Nancy Colier
Home / Blog

Can We Learn to Want What We Have?

Thanksgiving is a day of thanks and giving, as the name implies.  It’s a day we set aside to feel and express gratitude for all that we have, to slow down and nourish ourselves with what really fills our bucket. We focus on what’s good, what we love—our blessings. We fill and fulfill ourselves with good food, good company, and celebrate the importance of friends, family, and longings of the heart.  So too, we reconnect with our basic kindness, generosity, and turn our attention, on purpose, to our humanity, and the experiences that connect and nourish us, for real.

What a wonderful tradition indeed.  A yearly sabbath of sorts when we consciously step off the treadmill of busyness, productivity, and getting, and devote our attention to appreciation, goodness and love—the very best of the human being.  Thanksgiving is a day when we practice wanting what we have.

The big secret is that the nourishment we set aside for Thanksgiving, one day per year, can be something we feed ourselves every day.  While we might not feast on the mashed potatoes and pie part of Thanksgiving every day, we can in fact feast on the heart food part of this ritual, the gratitude and kindness, the thanks and giving. And, we can do that every single day of our lives, in one form or another.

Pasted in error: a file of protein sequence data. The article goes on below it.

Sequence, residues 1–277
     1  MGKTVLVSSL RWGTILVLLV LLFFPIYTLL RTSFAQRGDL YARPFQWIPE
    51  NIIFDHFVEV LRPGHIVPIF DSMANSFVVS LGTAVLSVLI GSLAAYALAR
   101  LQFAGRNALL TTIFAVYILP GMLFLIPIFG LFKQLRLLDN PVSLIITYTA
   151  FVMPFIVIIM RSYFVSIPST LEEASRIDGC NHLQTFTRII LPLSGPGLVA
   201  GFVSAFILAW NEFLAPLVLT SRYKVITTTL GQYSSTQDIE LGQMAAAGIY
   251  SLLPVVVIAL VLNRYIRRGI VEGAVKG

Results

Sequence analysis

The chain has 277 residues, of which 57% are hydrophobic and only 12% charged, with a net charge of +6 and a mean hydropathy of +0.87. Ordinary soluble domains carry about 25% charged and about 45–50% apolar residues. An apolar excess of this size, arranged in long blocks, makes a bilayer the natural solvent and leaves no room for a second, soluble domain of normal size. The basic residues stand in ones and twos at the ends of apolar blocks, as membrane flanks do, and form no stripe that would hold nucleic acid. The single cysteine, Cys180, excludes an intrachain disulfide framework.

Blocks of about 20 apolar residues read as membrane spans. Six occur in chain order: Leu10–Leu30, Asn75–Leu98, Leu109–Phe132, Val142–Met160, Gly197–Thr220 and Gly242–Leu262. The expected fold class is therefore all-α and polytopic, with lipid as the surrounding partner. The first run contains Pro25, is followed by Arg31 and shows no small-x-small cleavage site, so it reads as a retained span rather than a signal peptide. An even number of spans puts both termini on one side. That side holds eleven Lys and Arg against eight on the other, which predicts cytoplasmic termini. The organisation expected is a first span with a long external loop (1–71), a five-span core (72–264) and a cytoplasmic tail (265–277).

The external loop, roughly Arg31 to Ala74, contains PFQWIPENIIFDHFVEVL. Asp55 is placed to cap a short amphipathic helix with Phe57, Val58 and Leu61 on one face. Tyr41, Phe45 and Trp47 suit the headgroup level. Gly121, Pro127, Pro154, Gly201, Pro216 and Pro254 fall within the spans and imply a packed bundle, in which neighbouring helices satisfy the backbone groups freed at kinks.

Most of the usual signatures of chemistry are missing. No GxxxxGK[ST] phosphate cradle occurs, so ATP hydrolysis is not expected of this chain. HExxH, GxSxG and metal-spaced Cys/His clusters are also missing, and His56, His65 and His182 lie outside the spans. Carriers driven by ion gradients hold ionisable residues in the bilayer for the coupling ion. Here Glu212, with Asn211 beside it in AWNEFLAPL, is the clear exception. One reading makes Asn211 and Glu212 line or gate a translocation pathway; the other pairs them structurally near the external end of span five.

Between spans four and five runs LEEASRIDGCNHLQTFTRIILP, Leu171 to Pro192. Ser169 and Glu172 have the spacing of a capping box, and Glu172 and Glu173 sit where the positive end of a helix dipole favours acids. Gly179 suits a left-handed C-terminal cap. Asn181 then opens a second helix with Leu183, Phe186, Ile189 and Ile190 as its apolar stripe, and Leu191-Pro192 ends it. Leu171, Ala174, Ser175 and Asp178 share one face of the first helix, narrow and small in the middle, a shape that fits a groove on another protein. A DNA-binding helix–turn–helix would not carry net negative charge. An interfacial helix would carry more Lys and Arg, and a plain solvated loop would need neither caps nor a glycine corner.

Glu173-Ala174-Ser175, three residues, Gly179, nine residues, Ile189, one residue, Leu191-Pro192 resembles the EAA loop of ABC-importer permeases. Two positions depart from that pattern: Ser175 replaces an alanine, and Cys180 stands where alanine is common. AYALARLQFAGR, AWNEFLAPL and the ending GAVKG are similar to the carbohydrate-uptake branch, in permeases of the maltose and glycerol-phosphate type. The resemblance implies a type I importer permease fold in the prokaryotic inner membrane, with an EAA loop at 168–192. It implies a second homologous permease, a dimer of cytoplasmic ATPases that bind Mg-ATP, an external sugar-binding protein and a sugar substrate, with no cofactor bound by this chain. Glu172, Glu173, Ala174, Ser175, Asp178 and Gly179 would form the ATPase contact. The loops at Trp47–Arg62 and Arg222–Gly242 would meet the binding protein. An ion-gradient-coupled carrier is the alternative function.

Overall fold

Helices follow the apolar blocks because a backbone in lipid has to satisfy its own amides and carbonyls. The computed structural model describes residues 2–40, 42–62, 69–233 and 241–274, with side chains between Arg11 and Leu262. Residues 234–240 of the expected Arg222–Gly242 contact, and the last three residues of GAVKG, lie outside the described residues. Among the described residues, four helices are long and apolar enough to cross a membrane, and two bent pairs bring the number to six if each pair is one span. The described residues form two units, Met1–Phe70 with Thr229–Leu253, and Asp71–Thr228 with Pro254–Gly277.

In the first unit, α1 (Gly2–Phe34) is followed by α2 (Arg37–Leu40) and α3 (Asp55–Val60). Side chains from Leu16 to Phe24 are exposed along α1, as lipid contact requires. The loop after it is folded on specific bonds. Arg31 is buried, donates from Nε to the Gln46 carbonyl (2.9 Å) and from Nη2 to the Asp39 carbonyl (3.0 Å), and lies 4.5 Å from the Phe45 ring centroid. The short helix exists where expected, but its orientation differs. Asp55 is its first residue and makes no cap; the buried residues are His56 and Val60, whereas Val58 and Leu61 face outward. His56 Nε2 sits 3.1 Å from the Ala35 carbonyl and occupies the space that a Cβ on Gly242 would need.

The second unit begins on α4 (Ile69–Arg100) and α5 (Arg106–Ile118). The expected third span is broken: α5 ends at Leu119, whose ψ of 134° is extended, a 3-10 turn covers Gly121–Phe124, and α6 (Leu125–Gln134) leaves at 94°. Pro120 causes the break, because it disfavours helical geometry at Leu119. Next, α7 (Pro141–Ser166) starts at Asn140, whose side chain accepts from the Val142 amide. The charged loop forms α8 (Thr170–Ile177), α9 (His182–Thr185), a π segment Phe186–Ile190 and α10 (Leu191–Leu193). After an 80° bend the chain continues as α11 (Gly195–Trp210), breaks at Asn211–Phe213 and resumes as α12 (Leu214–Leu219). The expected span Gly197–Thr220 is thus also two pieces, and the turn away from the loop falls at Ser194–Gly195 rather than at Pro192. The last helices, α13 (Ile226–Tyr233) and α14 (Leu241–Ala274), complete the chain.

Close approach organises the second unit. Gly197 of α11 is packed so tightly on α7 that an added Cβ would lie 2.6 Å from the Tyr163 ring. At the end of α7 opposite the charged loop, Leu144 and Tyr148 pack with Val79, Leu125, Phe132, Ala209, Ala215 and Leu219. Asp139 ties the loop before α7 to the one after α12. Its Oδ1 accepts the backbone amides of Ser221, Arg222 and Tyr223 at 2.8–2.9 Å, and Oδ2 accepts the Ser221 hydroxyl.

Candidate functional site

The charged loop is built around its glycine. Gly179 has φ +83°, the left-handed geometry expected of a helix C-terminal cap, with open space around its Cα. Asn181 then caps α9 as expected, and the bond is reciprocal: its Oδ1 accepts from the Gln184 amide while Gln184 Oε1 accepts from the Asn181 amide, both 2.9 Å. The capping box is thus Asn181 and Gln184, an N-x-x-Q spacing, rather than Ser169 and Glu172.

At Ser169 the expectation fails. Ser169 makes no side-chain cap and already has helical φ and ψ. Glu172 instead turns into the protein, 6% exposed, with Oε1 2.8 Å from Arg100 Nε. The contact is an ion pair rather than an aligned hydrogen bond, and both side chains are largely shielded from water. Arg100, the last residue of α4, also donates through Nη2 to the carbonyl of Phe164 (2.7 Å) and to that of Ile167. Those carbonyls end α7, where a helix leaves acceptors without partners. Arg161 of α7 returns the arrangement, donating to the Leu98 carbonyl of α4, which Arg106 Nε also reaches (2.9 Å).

Pausing throughout the day to notice the little moments (or big ones) that we appreciate—gestures, interactions, experiences, anything that just feels connected, heart-filling, satisfying, joyful, warm—good—creates an amazing ripple effect.  We start to experience appreciation even more and remarkably, more of the appreciate-able moments seem to show up.  Just the simple act of taking a second to deliberately notice what we appreciate moment to moment injects a noticeable dose of happiness into our lives.

In addition, when we end each day with a conscious noting of what we appreciated throughout the day, what went well, what we enjoyed, what we liked about ourselves and others, the world, our life, we are effectively locking in a positivity and depositing a currency of goodness into our emotional heart-bank.

Paying attention to what we appreciate, stopping to give thanks inside ourselves and to others on a daily basis is one way of living Thanksgiving every day–making Thanksgiving a habit.

So too, a daily Thanksgiving involves a practice of giving—the second half of the Thanksgiving word equation.  We can look for the opportunities to offer kindness to others, just because, without a goal—to offer a moment of undistracted listening, word of support, non-judgmental presence, curiosity, a smile, kind glance, moment of patience, a real hug—something that perhaps will lead the other to appreciate what they experienced with us.  Every day we can give ourselves the experience of being appreciate-able.  Whether or not the other person notices or mentions it is not what’s important; giving to another is a gift to them, yes, but more than anything it’s a gift to ourselves. We appreciate ourselves (and our life) when we give; we feel good about ourselves when we behave as the person we want to be.

Every day when you wake up, ask yourself:

  • What kind of person do I want to be in the world today?